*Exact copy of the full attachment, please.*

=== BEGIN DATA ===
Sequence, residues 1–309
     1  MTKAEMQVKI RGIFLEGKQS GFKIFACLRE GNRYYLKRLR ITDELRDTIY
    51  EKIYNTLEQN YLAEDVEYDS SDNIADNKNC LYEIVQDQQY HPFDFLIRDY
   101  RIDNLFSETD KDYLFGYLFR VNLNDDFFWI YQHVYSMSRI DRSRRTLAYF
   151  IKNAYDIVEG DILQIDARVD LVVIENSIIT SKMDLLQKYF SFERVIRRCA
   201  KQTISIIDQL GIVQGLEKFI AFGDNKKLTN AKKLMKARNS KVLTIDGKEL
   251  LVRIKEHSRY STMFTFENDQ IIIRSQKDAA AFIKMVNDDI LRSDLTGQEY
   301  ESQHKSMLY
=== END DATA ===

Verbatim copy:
Sequence, residues 1–309
     1  MTKAEMQVKI RGIFLEGKQS GFKIFACLRE GNRYYLKRLR ITDELRDTIY
    51  EKIYNTLEQN YLAEDVEYDS SDNIADNKNC LYEIVQDQQY HPFDFLIRDY
   101  RIDNLFSETD KDYLFGYLFR VNLNDDFFWI YQHVYSMSRI DRSRRTLAYF
   151  IKNAYDIVEG DILQIDARVD LVVIENSIIT SKMDLLQKYF SFERVIRRCA
   201  KQTISIIDQL GIVQGLEKFI AFGDNKKLTN AKKLMKARNS KVLTIDGKEL
   251  LVRIKEHSRY STMFTFENDQ IIIRSQKDAA AFIKMVNDDI LRSDLTGQEY
   301  ESQHKSMLY